He added that sourcing systems enabling brokers to search with an EPC rating was “a work in progress.”

“You’ll see more product coming down the line from lenders. If you have a good green credential on your property, but you can’t find those lower prices, you’re all at sea,” he added.

The securitisations market was also supporting green lending, with investors showing interest in green asset classes.

BTL2021: Mini-boom and ‘really strong pipelines’ give BTL market positive edge – Rickards

BTL2021: Mini-boom and ‘really strong pipelines’ give BTL market positive edge – Rickards


Speaking at the Buy to Let Online Forum, Rickards (pictured) emphasised that the market had proved remarkably resilient over the last year and was on course to remain so.

Rickards added that 2020 was BM Solutions’ biggest year for new business since 2007 and its largest ever year for product transfers.

He also praised chancellor Rishi Sunak for not targeting the sector for tax rises and for including landlords in the payment deferral scheme.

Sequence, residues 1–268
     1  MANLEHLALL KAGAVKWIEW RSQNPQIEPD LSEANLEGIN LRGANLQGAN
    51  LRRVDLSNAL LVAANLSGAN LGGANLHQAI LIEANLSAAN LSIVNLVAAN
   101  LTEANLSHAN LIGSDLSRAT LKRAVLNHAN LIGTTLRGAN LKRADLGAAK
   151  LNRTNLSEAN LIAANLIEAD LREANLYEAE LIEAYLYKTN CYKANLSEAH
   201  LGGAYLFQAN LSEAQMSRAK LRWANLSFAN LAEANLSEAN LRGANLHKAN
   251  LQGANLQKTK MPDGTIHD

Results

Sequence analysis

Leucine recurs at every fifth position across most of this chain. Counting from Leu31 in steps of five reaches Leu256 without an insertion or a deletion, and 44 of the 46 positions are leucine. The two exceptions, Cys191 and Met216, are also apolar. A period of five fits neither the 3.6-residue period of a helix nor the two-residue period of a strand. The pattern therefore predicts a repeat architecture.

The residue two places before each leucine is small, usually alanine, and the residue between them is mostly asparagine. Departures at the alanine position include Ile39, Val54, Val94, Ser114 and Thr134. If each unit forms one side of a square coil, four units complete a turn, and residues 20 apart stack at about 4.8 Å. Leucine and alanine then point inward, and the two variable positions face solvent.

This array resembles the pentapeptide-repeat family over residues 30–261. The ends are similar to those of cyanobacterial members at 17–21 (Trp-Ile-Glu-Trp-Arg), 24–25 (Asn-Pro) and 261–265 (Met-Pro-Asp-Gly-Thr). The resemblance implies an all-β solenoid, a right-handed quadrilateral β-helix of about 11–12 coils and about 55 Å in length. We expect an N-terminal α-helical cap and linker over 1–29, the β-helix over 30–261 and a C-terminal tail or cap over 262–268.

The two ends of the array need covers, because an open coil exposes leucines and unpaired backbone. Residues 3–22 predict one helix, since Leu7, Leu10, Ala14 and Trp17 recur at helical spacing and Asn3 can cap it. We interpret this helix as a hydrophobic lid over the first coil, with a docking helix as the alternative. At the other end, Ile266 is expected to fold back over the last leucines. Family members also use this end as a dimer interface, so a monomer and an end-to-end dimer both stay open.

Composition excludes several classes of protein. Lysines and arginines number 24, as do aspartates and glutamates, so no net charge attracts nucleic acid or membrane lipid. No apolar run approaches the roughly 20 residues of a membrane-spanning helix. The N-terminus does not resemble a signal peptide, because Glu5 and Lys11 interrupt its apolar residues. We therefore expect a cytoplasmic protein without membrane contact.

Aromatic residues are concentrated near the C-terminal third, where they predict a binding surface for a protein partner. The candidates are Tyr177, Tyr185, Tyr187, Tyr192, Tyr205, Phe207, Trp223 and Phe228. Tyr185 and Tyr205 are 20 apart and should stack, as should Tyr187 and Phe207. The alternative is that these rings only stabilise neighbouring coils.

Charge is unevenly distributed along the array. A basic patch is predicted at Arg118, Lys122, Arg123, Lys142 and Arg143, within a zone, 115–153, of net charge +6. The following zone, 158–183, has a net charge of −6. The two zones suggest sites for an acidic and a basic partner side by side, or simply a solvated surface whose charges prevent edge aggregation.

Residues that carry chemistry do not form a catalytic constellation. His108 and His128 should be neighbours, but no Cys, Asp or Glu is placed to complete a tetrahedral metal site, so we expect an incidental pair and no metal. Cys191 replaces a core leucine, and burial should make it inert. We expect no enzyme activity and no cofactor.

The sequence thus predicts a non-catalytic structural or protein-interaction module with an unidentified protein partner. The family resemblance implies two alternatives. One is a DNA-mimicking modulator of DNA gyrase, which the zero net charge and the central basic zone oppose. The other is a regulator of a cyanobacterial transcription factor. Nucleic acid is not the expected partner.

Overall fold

“Has there been a mini-boom? Yes, there has, aided somewhat by the stamp duty holiday,” he said.

“It’s great to see the chancellor, for one of the first times I can remember, giving buy-to-let a step up.”

He continued: “I’m sure we all would have signed-up for last year’s market of £37bn just down from £42bn the year before.

“Nobody really knows what’s coming, but my prediction would certainly be for a market in the high £30bns maybe even early £40bns as buy-to-let completions and pipelines still look really strong – a good start to 2021 already.”


‘Cautiously optimistic’

When asked about whether BM Solutions would be following-up the growing interest in environmentally friendly mortgage options, Rickards said: “The green agenda is high on everyone’s agenda so this is something that I wouldn’t rule out in the future.

“We are currently focussing on finalising the roll out of our new system with PTs next to market soon.”

Rickards concluded his session with a positive note on the market.

“There’s never been a better time to be a mortgage adviser, landlords need your voice more than ever,” he said.

“I’m cautiously optimistic about the future of the buy-to-let market. It’s been through lots of challenges and landlords themselves have shown how resilient they can be.”